TPM News

Crossroads Grassroots Policy Strategies, an affiliate organization to the Karl Rove backed American Crossroads PAC, is out with a new web video insinuating that the Obama administration is rewarding unions who pushed for the health care law with expeditions from that same law.

The video frames the issue somewhat like an action movie trailer, utilizing ominous music and rapid scene cuts to introduce the "union bosses" who "shoved healthcare down our throats." And it features quick shots of semi-socialist symbols, such as a Canadian flag and a red clenched fist spliced between shots of chanting union members.

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When it comes to earmarks, Sen. Claire McCaskill (D-MO) is accusing House Republicans of wanting to have their cake and eat it too.

House Republicans, she told reporters earlier this week, have added numerous line items for special projects into the defense-authorization bill, and thus, are violating their own self-imposed earmark moratorium.

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Touring Waterloo, Iowa today, Newt Gingrich attributed part of the media frenzy surrounding his "challenging week" to his campaign's historic nature.

"It's going to take a while for the news media to realize that you're covering something that happens once or twice in a century, a genuine grass-roots campaign of very big ideas," Gingrich said, according to the Associated Press. "I expect it to take a while for it to sink in."

At the heart of reporters' difficulty wrapping their head around his candidacy, Gingrich said, was the threat he represents to the old system of canned talking points and establishment thinking.

"My reaction is if you're the candidate of very dramatic change, it you're the candidate of really new ideas, you have to assume there's a certain amount of clutter and confusion and it takes a while to sort it all out, because you are doing something different," Gingrich told the press.

Reporters did discover one aspect of Gingrich's campaign today that's likely a first: his cell phone, which went off at a rally, uses ABBA's "Dancing Queen" as its ringtone.

Newt Gingrich appeared on Rush Limbaugh's radio show this afternoon to explain the whole dust-up since he blasted Rep. Paul Ryan's (R-WI) Medicare-privatizing budget proposal as "right-wing social engineering." Gingrich's latest explanation: He wasn't talking about Ryan or the budget at all!

And what's more, he's supported that budget and Ryan's plan ever since Ryan briefed him on it, weeks before its public announcement.

Limbaugh took issue with Gingrich's statement that he opposed both left-wing and right-wing "social engineering," and asked Gingrich to define the term "social engineering."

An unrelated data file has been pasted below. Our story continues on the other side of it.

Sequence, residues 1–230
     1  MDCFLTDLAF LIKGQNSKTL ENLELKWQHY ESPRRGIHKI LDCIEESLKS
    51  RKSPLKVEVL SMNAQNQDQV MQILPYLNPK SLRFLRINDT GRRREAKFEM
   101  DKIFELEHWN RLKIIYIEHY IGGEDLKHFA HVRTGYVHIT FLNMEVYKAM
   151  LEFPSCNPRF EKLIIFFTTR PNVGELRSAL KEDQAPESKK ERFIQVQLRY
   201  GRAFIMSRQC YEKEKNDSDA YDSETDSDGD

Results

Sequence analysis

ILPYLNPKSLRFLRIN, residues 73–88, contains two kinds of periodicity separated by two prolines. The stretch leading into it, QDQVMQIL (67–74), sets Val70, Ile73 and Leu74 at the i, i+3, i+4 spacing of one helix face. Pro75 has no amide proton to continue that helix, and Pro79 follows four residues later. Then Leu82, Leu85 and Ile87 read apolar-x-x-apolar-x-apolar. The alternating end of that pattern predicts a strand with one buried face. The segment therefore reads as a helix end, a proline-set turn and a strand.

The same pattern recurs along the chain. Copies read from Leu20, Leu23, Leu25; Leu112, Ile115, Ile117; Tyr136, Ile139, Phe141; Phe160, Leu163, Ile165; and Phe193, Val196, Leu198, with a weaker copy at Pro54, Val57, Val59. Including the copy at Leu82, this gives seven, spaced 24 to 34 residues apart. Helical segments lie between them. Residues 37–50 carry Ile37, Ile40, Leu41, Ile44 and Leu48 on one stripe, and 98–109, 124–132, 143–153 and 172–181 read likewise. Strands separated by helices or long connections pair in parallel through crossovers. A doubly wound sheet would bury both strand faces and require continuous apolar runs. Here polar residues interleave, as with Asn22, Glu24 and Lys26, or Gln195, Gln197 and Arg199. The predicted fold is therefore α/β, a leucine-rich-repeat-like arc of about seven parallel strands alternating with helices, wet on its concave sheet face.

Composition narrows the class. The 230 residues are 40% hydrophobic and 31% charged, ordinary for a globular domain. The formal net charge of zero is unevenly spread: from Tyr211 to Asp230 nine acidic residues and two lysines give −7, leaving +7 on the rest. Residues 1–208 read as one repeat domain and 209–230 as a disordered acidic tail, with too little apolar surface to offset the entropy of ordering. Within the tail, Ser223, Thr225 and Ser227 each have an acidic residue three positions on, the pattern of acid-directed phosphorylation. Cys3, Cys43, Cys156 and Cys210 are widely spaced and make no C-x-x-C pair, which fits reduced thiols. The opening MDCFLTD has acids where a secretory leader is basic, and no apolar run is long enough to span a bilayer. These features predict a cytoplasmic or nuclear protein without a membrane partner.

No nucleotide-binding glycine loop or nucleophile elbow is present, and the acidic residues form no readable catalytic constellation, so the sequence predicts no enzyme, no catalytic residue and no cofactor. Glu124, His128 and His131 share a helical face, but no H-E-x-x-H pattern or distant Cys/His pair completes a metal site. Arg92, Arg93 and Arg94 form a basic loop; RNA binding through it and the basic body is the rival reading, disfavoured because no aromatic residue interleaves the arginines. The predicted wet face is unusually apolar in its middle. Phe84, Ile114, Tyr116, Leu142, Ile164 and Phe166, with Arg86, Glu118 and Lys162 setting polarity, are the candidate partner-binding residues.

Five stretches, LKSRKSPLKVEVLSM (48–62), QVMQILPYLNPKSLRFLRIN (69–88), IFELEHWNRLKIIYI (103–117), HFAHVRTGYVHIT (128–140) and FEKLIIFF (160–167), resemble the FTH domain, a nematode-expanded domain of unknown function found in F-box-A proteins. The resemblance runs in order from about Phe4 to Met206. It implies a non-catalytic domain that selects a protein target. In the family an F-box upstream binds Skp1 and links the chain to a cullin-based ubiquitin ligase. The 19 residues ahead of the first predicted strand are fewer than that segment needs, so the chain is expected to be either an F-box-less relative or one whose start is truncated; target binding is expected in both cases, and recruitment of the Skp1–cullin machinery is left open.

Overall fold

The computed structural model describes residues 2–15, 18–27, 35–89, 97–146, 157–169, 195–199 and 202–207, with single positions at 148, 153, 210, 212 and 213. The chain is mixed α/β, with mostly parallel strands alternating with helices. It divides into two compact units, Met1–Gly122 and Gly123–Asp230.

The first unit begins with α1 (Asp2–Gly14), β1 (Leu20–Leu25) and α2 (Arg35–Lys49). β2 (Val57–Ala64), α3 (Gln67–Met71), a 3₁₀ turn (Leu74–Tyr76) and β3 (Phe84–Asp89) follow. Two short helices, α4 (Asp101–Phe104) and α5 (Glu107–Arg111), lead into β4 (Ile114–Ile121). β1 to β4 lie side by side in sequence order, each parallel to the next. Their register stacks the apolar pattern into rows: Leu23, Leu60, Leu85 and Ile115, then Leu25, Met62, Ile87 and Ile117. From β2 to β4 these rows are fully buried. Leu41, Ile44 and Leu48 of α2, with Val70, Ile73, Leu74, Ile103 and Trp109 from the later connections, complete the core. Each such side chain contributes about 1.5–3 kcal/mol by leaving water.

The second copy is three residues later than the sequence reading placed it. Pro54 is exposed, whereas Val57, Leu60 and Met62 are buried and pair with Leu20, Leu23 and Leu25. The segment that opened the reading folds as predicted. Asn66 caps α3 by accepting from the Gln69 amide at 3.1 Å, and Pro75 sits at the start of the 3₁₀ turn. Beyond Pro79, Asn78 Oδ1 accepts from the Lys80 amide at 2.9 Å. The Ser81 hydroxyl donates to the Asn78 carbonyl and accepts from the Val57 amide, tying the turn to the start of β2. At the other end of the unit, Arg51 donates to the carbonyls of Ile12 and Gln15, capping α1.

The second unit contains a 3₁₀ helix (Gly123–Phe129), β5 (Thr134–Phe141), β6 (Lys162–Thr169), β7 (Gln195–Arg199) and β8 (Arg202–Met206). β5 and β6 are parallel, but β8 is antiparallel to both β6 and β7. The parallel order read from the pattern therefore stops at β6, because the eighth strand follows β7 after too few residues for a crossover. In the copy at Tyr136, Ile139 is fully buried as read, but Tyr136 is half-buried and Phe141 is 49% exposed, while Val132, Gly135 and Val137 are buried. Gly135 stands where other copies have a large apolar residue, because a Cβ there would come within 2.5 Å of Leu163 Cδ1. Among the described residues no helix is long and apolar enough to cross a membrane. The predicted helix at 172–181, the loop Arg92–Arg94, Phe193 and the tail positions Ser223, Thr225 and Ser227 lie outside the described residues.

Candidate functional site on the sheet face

"It's very straightforward. It's when the government comes in and tells you how to live your life and what you're gonna do -- whether the values that lead it to do that are left-wing values, or the values that lead it to do that are right-wing values," said Gingrich. "I believe in personal freedom. I believe in your right to lead your life. I believe that we are endowed by the Declaration of Independence, by our Creator, with the right to pursue happiness. And I want a government that is much more humble about its ability to tell you what to do, whether it's people on either side of the ideological spectrum.

"And by the way, it was not a reference to Paul Ryan. There was no reference to Paul Ryan in that answer."

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Mitt Romney and Sarah Palin received a boost to their presidential ambitions this week as voters who previously backed Mike Huckabee and Donald Trump went in search of alternatives now that each of the men has withdrawn from the presidential race, according to a Suffolk University poll released this week.

The poll was originally conducted before Huckabee and Trump withdrew, but the pollster went back to respondents who had initially supported those two, and found them breaking largely in favor of Romney and, to a slightly lesser extent, Palin.

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House Republicans, facing tough questions in their districts for voting to phase out Medicare and replace it with a subsidized private insurance system, are fond of pointing out that the plan they support wouldn't touch benefits for existing beneficiaries, or for people who will reach eligibility within 10 years. There are a number of problems with that plan, but top Democrats are finally pointing out the biggest one: it's simply not true.

Though many Republicans are getting jittery about their budget's Medicare plan, they're still perfectly proud of the fact that it also repeals the new health care law. But that law includes plenty of goodies for current seniors, all of which would be zapped immediately if Republicans get their way.

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